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What is Ouzo? Heart and Soul of Greece!

Ouzo is a well-known aperitif from Greece and a staple in every Greek household. It’s known for its clear, silky licorice flavour which pairs well with many appetizers.

Nicholas Katsaros and his family opened up the first ouzo distillery in Tyrnavos, 1856. The first ouzo to be made was named Tinarvou and is still considered one of the best. Although ouzo itself hasn’t been around far too long its base recipe has. Ouzo starts off like Tsipouro a famous Greek spirit, basically the Greek version of Italy’s grappa. The base consists of all the remnants of winemaking also known as must. From there the addition of anise, for that distinctive black licorice flavour along with other spices are added. To name a few, some ouzos may also include cardamom, cinnamon, coriander, fennel, clove, mint and mastic.

The anise seed is also known as aniseed is however the star ingredient in ouzo. These seeds come from the Pimpinella anisum plant, native to the Eastern Mediterranean region. The seeds are small and brownish-gray in colou

Ouzo-Greek-Spirit-Toronto-Select-Bakeryr with a slight curve to them. They can be used whole or grounded into powder, essential oils and extracts are also available. The anise seed not only offers its sweet licorice aroma to baked goods or drinks but also provides many health benefits. The seeds are rich in nutrients and can be used as a natural remedy for a variety of ailments as well.

Ouzo is completely authentic, in fact the Greek government has ruled it can only be made in Greece and therefore it has two designations. One is a PDO (Protected Designation of Origin) and the other is a PGI (Protected Geographical Indication) along with EU-approval. This means the customer will always be guaranteed the highest of quality and the product itself will meet all applicable standards.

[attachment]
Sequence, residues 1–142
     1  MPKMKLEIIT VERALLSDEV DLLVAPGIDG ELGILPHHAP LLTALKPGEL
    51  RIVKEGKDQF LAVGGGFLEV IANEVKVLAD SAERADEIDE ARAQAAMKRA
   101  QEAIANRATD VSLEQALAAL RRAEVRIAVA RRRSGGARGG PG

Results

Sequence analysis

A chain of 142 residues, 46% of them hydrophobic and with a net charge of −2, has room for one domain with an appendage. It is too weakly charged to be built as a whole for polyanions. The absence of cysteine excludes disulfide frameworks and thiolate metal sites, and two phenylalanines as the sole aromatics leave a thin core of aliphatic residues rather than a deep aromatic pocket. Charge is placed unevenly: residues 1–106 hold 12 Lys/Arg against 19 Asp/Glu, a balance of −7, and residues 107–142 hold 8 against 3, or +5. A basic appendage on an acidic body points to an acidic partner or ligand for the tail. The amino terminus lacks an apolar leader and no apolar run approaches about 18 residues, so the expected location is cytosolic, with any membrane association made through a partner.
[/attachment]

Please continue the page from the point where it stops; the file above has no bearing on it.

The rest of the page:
Ouzo is customarily served neat in a tall thin glass, or if you’d prefer a slightly less potent option you could also add ice water to dilute it. Adding the ice-cold water also makes the ouzo turn opaque, known as the “ouzo effect” because of its milky white appearance. Ouzo is extremely popular in Greece, so much so that you will certainly come across an ouzerie, a bar that specializes in many brands of ouzo and serves appetizers known as mezethes. Lesvos is known as the hub of ouzo production accounting for 17 ouzo distilleries and known for some of the best ouzo in Greece. Some brands of ouzo include Kardasi, Babatzim, and Barbayanni to name a few and you can find in the bottle shop at Select Bakery.  


Bottom line if you’re looking for something new to try that’s bold and fiery this may just be it. So next time you dine at a Greek restaurant be sure to order an ouzo, better yet pick up a bottle from Select Bakery’s Bottle Shop. While you’re at it, grab some of your favourite Greek cheeses, olives, fresh bread and deli meats and assemble a charcuterie board or mezedaki platter and enjoy!

  • Kyknos-True-Greek-Pasta-Sauce-with-Ouzo

Select Bakery

405 Donlands Ave

Toronto, ON

M4J 3S2


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